The master budget is a central part of any company's managerial accounting planning process. A master budget is a combination of many other smaller budgets within the organization. When combined, these smaller budgets will lead to budgeted financial statements for the company.
The management team creates a master budget to direct the activities of a corporation. Individual managers use the master budget to help them judge the performance of various parts of the organization.
The master budget is a comprehensive and complex planning tool that includes many operating processes and has inputs from several sources within an organization. These sources include sales and marketing, finance, general accounting, purchasing, and inventory control. In the end, the master budget will determine the basis of inputs into the organization's pro forma financial statements which are documents that include assumptions and projections about what an organization will spend and create during a specific time period. Pro forma is a Latin term that means "standard" or "as a matter of form." In accounting terms, it means "projected." The income statement, balance sheet, and statement of cash flows are among the most important parts of a master budget. A balance sheet is a snapshot of what a company owns and what its debts are. An income statement is one of the four major financial statements; it measures revenues minus expenses to arrive at the net income or net loss during a specific time period. A statement of cash flows is one of the four major financial statements, classifying cash receipts and payments by operating, investing, and financing activities for a specific period.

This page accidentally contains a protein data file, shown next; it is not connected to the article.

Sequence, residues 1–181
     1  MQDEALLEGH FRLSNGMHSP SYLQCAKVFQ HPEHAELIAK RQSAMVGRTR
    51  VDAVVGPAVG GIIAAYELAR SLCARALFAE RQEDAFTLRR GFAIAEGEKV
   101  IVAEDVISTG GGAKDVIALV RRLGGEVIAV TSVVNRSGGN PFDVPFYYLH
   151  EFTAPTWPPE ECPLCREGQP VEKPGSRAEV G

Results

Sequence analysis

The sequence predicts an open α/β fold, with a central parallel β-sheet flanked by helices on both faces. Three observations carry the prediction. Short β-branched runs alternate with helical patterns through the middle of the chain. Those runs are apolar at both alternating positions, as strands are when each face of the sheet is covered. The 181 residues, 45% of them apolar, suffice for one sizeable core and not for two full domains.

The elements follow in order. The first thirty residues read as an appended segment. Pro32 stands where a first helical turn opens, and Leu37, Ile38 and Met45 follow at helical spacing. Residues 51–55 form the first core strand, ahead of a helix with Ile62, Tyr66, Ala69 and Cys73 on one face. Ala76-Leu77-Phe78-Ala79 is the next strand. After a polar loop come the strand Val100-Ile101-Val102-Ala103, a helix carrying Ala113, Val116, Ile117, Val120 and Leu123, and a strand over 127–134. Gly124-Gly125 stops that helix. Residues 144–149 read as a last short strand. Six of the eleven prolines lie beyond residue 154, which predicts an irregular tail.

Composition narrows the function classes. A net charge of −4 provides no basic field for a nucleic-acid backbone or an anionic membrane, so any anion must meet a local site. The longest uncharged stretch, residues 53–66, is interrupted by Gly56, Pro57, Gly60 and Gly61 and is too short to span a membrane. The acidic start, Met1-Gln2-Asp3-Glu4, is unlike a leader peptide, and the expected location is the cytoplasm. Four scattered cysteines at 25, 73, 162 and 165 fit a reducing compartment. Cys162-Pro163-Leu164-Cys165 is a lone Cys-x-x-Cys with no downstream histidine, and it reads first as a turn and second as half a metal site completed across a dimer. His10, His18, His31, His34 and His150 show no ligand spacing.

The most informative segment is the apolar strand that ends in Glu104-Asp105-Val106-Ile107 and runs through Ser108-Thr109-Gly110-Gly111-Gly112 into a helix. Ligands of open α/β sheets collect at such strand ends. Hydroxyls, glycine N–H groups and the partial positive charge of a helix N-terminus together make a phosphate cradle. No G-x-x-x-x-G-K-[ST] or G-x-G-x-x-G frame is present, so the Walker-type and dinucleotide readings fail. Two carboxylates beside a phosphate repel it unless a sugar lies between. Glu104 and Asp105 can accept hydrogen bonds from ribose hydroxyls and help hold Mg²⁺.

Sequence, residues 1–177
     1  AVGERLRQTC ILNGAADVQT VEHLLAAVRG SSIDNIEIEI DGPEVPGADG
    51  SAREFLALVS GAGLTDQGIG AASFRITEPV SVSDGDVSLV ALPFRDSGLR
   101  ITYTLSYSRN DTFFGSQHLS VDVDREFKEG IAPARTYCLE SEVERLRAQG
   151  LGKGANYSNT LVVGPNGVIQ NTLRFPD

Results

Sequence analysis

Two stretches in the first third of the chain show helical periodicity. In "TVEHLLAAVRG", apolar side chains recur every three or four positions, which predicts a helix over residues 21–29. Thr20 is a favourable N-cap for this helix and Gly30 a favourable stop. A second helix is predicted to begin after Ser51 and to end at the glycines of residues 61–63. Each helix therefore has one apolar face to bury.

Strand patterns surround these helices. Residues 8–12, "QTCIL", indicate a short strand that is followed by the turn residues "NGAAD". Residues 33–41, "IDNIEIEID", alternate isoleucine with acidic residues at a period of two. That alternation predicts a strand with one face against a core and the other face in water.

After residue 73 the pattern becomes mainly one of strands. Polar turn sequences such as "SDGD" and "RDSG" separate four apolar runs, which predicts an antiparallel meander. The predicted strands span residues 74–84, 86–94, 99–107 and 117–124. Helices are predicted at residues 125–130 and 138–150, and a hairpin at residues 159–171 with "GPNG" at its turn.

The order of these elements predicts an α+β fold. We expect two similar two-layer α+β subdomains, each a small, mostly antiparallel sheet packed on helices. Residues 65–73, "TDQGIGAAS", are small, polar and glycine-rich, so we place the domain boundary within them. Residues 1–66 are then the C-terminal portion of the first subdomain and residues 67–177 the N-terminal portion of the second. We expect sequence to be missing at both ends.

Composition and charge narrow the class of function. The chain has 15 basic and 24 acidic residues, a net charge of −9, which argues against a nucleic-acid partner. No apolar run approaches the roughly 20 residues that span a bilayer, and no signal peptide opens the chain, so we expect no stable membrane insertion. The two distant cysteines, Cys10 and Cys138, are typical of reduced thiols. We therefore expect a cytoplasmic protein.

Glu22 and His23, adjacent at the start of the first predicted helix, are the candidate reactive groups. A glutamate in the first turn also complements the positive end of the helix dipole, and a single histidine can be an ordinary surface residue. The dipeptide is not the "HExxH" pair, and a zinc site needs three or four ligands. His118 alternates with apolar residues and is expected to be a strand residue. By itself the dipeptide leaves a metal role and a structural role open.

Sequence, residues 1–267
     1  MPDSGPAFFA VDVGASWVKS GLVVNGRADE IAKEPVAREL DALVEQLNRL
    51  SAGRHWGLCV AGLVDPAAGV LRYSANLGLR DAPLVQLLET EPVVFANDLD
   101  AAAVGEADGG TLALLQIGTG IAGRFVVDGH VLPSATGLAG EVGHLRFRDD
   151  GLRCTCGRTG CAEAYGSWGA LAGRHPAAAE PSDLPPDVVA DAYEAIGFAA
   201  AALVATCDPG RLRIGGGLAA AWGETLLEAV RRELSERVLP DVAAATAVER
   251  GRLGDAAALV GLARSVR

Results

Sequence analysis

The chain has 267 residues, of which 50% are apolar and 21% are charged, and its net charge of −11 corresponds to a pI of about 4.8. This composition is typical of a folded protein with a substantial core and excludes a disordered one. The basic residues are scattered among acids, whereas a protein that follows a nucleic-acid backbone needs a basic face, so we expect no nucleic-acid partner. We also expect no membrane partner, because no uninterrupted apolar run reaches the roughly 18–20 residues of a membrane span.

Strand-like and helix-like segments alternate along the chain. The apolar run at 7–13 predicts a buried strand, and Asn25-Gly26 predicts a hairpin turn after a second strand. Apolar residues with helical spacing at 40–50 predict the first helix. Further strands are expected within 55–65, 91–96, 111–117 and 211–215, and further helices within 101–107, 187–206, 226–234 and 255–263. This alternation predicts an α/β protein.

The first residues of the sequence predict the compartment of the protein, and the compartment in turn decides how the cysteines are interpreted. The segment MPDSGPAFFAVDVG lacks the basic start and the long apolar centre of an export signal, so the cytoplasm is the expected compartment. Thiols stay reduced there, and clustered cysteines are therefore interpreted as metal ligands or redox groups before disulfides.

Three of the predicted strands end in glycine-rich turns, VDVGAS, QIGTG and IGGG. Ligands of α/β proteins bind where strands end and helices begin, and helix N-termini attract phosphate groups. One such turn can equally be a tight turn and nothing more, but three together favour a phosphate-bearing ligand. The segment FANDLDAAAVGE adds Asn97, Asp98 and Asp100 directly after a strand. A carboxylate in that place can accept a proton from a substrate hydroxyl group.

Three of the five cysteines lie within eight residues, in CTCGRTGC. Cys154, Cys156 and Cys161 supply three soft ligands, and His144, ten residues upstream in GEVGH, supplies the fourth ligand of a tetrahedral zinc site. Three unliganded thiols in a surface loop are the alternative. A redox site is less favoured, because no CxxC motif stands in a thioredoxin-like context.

The master budget is typically presented in either a monthly or quarterly format, and it usually covers a company's entire fiscal year. Organizations often use it to develop a cash flow forecast, determine potential financing needs, and predict staffing requirements.